Quiz 20: The Formation of Sales and Lease Contracts


In the case of Pride v. Mackey, a trial court would probably find that Pride was in possession and ownership of the Greenie product and therefore could not pass the liability on to the buyer. Before title and risk of loss can pass from the seller to the buyer the goods must be in existence and identified to the contract. The contract was formed upon Pride's promise to of prompt shipment but could title could not pass because the goods were not identified. Pride had not separated the goods for shipment and retained ownership until the carrier picked up the shipment from Pride's docks. The contract was a shipment contract as was evidenced by the F.O.B. Pride's city. The risk of loss would have passed to Mackey once Fast Freight assumed possession of the shipment. The elements for establishing a prima facie case under the Carmack Amendment are: 1. Delivery to the carrier in good condition. 2. Arrival in damaged condition. 3. The amount of damages. The exceptions are: 1. Acts of God. 2. The public enemy. 3. Acts of the shipper himself. 4. Public authority. 5. The inherent vice or nature of the goods. The freight term F.O.B. or free on board, means that the buyer pays for transportation charges from the destination. In this case, the destination is Pride's city. That means that the buyer, Mackey, would have assumed ownership of the shipment at the time that it was loaded upon the carrier. The shipment was never delivered to the carrier, so a prima facie case would not be established in favor of Pride.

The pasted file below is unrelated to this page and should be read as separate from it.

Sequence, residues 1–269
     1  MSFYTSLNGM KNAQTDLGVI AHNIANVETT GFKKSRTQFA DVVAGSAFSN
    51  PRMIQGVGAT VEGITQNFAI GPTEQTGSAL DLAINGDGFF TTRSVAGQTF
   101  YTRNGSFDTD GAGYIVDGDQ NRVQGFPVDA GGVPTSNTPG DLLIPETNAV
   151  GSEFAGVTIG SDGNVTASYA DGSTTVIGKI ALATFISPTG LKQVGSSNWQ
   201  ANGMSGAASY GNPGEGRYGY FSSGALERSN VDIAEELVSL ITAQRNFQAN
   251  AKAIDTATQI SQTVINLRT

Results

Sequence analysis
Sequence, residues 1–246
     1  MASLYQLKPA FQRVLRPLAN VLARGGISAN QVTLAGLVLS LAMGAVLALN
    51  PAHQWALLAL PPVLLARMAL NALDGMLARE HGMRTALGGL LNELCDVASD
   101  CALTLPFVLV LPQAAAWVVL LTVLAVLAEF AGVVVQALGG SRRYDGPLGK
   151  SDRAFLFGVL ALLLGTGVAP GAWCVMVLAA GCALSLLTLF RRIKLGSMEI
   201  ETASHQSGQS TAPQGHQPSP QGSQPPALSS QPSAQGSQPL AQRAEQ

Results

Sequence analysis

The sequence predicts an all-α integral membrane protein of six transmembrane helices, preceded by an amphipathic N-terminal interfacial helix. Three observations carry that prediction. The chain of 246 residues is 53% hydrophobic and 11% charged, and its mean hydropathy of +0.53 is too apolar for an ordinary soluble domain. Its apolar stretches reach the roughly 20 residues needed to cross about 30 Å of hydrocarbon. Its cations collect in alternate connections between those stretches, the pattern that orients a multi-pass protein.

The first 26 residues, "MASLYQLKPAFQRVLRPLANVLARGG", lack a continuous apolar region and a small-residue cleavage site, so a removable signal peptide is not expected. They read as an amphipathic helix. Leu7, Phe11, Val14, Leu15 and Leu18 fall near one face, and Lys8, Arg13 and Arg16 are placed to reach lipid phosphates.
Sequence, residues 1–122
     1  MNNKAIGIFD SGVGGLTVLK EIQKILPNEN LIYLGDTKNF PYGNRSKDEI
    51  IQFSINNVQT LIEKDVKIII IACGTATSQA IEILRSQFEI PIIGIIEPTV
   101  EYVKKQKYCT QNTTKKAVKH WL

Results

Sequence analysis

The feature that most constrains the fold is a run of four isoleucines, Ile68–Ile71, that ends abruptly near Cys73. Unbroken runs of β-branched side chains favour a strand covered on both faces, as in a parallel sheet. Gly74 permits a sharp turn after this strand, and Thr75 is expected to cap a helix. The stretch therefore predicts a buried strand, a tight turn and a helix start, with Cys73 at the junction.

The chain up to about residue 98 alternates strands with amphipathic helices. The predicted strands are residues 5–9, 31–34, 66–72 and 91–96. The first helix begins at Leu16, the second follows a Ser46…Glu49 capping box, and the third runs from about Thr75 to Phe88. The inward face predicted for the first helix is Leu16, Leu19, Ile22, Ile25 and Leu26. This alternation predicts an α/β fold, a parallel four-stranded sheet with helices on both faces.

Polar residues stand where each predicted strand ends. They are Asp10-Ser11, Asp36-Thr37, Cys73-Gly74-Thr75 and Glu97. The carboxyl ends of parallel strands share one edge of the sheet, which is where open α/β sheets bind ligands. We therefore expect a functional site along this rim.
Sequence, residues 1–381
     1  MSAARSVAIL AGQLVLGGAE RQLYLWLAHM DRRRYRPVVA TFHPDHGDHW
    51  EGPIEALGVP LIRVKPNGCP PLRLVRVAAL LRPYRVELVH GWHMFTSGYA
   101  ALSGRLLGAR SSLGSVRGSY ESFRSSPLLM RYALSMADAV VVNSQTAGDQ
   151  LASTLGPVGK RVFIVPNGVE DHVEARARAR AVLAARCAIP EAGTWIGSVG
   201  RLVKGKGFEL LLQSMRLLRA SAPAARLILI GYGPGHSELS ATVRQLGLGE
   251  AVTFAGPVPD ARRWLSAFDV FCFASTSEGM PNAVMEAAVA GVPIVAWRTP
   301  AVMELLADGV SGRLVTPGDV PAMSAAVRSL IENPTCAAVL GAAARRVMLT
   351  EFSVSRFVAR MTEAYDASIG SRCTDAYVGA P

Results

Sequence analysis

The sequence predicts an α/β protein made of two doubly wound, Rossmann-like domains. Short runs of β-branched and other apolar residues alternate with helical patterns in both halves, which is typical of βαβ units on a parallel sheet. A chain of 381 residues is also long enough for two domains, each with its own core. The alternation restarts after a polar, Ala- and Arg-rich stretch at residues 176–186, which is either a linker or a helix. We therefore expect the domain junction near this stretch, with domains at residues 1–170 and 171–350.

When the crop of broccoli harvested in March of the following year, then it is identified to the contract under the Uniform Commercial Code because buyer or lessee would have interest in specific goods through seller or lesser only when goods are in existence and are identified as the same goods mentioned in the contract. Title of goods and risk of loss cannot be passed, unless the goods are identified to the contract, from the seller to buyer. Identification is significant as it gives the right of an insurable interest in the goods and right to recover damages from third parties to the buyer.

(a). Sikora's rights: Sikora has a contract that identifies the purchase of the specific suit. The contract did not indicate an agreement regarding the time when title or risk of loss would pass. Before title and risk of loss can pass from the seller to the buyer the goods must be in existence and identified to the contract. The contract was formed upon Carson's promise to alter Sikora's suit. The suit was to be delivered without physical movement of the suit by Carson and was not represented by a document of title. Hence, the title passed to Sikora when the contract was made, and the risk of loss did not pass to Sikora (buyer) from Carson (seller) because the transfer of risk did not occur until the buyer received the goods. In this case Sikora had not yet received the goods, so Carson bore the risk. (b). Person suffering from loss of the suit destroyed by fire: The same rule applies in this case as in part (a) - the title passes to the buyer on the making of the contract and risk of loss passes from a merchant seller to the buyer when the buyer receives the goods. Since Sikora had not yet received the goods, the risk was Carson's. In contract law, Acts of God void a contract and both parties are put back in their original position. The seller had possession of the goods, so Sikora would be refunded his payment and Carson would be expected to submit a claim to its insurance carrier for loss due to an Act of God.

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